The work of Rio de Janeiro artist Katharina Welper is linked to a craft which is almost obsessive and which sees memory as a defining locus for the development of its poetry. Another decisive factor in her production is its multifaceted and hybrid nature, as she fluidly moves among various genres such as painting, drawing, collage, performance and textile art and 3-D work. And, if we can select a common element in this movement across genres, this thread may be highlighted, as it transmutes in multiple forms between abundance and concision, deconstruction and creation, break and continuity, for example.
In her more recent series, Katharina has been able to touch relevant contemporary issues through approaches and discussions that reveal a more mature collection. In her new embroidery work, the artist departs from the textile spoils of a German nurse. Few are the signs of such an origin, such as the letters EB written as a bedding monogram. Over this chassis-like surface, Katharina decals a pattern copied from old decorative motifs originating from Easter European crafts and, with arduous handwork, spreads a blue thread to produce an extensive design. The surface of the material itself generates a moving pattern, as tiny pieces are put together making up an amalgam of whites and blues (in different hues), and rougher or smoother parts of the material.
These historically based surfaces also spread to her paintings from different series. The moving backdrops may be periodic Japanese imagery, for instance, in which the diagraming and typography and the specificity of the Japanese alphabet become the crucial foundation on which Katharina produces very accurate paintwork with emphatic realism. There are phone books, old familial pieces of cloth and various other materials alluding to a more intimate and domestic world. Thus, the artist blurs the limits of pictorial, graphic and 3-D crafts, adding movement to each segment.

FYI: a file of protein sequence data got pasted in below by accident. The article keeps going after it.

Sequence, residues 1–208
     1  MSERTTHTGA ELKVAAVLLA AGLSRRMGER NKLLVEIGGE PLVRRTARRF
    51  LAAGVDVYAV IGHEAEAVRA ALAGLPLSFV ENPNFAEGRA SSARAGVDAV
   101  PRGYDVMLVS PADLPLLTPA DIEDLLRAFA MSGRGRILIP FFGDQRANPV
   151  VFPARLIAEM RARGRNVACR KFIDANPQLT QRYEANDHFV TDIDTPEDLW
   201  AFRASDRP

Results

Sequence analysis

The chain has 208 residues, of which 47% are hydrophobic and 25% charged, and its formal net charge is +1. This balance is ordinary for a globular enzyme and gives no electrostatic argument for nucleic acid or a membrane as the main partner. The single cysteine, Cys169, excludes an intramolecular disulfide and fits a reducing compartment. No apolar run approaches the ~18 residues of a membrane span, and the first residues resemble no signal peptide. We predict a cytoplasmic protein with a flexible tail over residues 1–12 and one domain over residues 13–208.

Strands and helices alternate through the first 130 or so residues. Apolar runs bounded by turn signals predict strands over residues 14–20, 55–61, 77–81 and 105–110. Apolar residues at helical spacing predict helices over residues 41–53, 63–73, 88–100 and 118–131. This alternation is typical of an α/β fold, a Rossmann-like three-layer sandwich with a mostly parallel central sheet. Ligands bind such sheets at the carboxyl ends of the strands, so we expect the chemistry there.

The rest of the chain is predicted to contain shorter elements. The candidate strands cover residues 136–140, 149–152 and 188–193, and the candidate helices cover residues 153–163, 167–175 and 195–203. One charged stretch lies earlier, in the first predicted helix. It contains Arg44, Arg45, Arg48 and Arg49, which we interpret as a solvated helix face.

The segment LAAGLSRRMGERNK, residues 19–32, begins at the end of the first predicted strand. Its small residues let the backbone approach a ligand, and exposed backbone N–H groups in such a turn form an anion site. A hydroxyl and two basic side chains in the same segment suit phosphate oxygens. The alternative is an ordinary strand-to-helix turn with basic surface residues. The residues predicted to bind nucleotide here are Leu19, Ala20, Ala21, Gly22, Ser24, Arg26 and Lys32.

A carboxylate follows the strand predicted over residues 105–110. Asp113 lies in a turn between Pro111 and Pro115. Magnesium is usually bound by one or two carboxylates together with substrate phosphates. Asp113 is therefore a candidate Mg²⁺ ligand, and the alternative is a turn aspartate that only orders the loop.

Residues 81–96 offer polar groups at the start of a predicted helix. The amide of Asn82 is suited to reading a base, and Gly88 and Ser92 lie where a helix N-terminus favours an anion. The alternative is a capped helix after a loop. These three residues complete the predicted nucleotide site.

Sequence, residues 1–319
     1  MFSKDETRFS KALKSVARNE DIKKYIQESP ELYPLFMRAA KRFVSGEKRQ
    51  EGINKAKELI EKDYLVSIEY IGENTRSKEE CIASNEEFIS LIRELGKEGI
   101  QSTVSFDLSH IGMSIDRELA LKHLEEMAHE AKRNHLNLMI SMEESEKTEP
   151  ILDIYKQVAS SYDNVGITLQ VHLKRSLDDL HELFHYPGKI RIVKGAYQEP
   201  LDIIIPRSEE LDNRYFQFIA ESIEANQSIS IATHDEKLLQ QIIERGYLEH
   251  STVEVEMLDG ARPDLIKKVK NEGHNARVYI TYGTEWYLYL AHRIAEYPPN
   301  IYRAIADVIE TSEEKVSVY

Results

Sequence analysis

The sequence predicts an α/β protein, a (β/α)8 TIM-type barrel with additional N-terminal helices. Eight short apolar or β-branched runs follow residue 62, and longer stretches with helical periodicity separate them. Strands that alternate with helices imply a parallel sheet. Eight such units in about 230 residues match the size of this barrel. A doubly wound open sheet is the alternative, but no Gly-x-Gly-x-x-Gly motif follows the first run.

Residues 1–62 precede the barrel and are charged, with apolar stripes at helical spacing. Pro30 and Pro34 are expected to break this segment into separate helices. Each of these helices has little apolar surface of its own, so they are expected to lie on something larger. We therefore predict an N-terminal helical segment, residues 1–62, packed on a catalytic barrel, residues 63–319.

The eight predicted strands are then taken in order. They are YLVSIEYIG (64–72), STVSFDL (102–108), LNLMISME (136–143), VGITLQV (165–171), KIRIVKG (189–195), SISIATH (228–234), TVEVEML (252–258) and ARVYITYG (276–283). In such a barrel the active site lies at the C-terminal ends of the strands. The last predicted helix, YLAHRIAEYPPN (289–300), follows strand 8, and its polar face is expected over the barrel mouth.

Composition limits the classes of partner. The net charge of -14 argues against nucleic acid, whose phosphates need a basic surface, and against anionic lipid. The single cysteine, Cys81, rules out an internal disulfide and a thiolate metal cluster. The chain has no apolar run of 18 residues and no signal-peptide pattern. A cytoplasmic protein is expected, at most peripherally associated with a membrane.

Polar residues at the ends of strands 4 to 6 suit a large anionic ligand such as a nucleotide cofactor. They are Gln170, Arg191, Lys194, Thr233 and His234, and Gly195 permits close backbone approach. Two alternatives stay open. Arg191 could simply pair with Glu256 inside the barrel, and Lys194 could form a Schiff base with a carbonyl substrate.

In addition to the memory that Katharina sees as a relevant legacy, as a draft to be kept rather than erased, her work has an interest in construction. For this reason, her studio and her daily life – currently in Petrópolis, a small town in the mountains in Rio de Janeiro, and previously in the city of Rio itself – become relevant references in her craft. Her own scenes and locations are, at times, the subject of her paintings, in place of images from the web or from papers and magazines, playing a key role in her compositions. The artist also uses a play of hide and seek, at times creating completed works while at other times allowing the emptiness and the observer’s imagination to provide the final contours of her propositions. Her ideas also evolve in a more experimental fashion, such as in the underwater performance in which Katharina embroiders over multiple surfaces and thus mixes even more the attributes of visibility and experience.
Another interesting aspect of the elaboration of Katharina’s visual production is her persistence. This trait becomes very clear, for instance, in the paintings of Linha Moira, one of her individual exhibitions in Rio de Janeiro, in which threads become the basis for each painting. They are transformed, reach a new status, but retain their unique characteristics, resulting in a plastic effect that mixes painting, drawing and collage. “Drawing and painting are two organs belonging to the same body. They act cooperatively to create life. And one is dependent on the other (...) Precision and accumulation, the melding of risk and condensation”1, writes artist Paulo Pasta, in a very appropriate synthesis of the nature of Katharina Welper’s work.